Top EPA official accused of assault denies charges

A top official in the EPA's Homeland Security office accused of assaulting a federal agent and stonewalling the agent's investigation says he's been unfairly smeared in a "campaign of harassment" by the press and lawmakers on Capitol Hill. Published September 3, 2014

The exterior of the Internal Revenue Service building in Washington. The agency has been under fire for what critics say are politically motivated attacks against conservative organizations. (Associated Press)

IRS lawyer gave ethics training despite complaint against her

The head of the IRS Office of Professional Responsibility testified this year that she and her staff must be "impeccable," just weeks before she sent a top aide whose law license had been suspended to lecture tax lawyers on ethics. Published September 2, 2014

Under Gina McCarthy,  The EPA has been flexing its regulatory muscle, collecting more fines and hitting individuals with penalties for violating environmental rules. (Associated Press)

EPA investigator pushes for action on assault

A government investigator says that the Environmental Protection Agency continues to "coddle" a key figure in her stonewalled investigation into a controversial EPA office. Published September 2, 2014

IRS Photo illustration

IRS ethics lawyer facing possible disbarment, accused of lying

A lawyer in the IRS ethics office is facing the possibility of being disbarred, according to records that accuse her of lying to a court-appointed board and hiding what she'd done with money from a settlement that was supposed to go to two medical providers who had treated her client. Published August 26, 2014

Antwuan Ball was convicted for a $600 drug deal. His appeal, along with two co-defendants, is the latest challenge against a practice called acquitted conduct sentencing, which allows judges to dole out tougher sentences based on findings jurors rejected. (Rod Lamkey Jr./The Washington Times)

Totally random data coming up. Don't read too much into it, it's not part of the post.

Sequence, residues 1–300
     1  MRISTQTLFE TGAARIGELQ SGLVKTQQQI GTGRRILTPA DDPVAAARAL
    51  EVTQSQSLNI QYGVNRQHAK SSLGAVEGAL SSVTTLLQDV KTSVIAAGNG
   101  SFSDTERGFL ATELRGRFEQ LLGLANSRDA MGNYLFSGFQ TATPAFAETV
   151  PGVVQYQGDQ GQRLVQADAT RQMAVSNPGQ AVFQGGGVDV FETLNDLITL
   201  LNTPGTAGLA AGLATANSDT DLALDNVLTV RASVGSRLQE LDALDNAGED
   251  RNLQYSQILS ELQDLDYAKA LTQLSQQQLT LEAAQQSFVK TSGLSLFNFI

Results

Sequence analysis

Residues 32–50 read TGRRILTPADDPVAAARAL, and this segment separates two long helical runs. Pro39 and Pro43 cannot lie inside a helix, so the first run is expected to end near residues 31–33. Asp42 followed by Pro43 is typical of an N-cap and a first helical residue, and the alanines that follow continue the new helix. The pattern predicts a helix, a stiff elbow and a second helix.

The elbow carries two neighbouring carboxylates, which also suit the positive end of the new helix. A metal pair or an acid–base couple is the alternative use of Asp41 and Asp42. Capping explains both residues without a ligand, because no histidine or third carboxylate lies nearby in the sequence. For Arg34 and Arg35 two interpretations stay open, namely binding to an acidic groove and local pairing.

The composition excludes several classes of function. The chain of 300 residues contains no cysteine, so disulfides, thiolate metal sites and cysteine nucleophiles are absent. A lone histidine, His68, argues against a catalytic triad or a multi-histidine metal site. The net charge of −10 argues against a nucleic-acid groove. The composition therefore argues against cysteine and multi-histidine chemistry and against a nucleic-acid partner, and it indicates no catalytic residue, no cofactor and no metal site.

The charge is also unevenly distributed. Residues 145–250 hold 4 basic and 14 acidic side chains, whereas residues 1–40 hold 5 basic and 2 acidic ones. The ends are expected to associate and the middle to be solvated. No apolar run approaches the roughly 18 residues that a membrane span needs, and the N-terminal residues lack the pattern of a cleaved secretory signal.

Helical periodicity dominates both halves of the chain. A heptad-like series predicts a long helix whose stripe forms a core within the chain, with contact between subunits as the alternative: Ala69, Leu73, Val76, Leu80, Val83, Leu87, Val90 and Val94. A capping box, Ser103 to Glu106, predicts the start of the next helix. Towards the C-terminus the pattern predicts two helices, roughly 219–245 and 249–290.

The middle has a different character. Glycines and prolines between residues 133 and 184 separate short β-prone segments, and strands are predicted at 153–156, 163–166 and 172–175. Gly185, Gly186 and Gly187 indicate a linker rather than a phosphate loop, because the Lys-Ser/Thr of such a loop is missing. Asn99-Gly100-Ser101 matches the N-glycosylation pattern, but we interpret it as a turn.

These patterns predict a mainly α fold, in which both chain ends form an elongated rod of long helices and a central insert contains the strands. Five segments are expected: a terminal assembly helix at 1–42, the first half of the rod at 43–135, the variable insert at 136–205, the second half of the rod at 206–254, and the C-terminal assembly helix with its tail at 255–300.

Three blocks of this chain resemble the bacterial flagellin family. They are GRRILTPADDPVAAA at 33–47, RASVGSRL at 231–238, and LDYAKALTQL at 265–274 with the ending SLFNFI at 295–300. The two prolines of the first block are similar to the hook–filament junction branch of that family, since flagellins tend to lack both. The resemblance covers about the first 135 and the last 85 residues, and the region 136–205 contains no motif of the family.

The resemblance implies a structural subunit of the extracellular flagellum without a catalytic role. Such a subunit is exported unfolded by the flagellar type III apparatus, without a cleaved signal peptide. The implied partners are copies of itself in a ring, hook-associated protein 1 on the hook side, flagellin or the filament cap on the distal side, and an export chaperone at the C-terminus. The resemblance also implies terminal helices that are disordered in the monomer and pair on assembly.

Supreme Court may take up D.C. drug case

The Supreme Court will meet next month to decide whether to hear the appeal of a D.C. man serving 18 years in prison on a $600 drug deal — a case championed by civil liberties groups, who say it provides a case study in judicial overreach. Published August 25, 2014

Critics say that redacted information about Treasury Department dealings with Fannie Mae and Freddie Mac may prove embarrassing to the Obama White House. (associated press)

Judge rejects Obama administration secrecy on Fannie Mae, Freddie Mac

A federal judge has issued a stinging rebuke to the Obama administration's recent attempt to shield documents from disclosure in a case that could yield important clues about the Treasury Department's relationship with mortgage giants Fannie Mae and Freddie Mac. Published August 24, 2014

Rep. Darrell Issa, California Republican, called the actions of U.S. Patent and Trademark Office official Deborah Cohn "appalling and unbefitting a federal official" when she used her influence to find a job for a relative's live-in boyfriend, and then threatened to sue when the government was about to make her case public. He has demanded that Commerce Secretary Penny Pritzker take "immediate action" to discipline Ms. Cohn. (Associated Press)

Congress fumes as idle federal workers went shopping, sent on private errands

The House's top investigator pressed the Commerce Department on Wednesday to take action on a telework scandal at the U.S. Patent and Trade Organization, where dozens of paralegals got paid while they went shopping, watched television and caught up on chores — all with the knowledge of supervisors. Published August 20, 2014

Internal Revenue Service Commissioner John Koskinen testifies under subpoena before the House Oversight Committee as lawmakers continue their probe of whether tea party groups were improperly targeted for increased scrutiny by the IRS, on Capitol Hill in Washington, Monday, June 23, 2014. The IRS asserts it can't produce emails from several officials connected to the tea party investigation because of computer crashes, including the emails from Lois Lerner, the former IRS official at the center of the investigation.   (AP Photo/J. Scott Applewhite)

IRS data lapse first uncovered by private firm

Recent criminal charges against an IRS employee accused of storing personal information about more than 20,000 employees and contractors on his home computer network stemmed from the work of a research firm hacker who stumbled across the agency security flaw and reported it to the government. Published August 19, 2014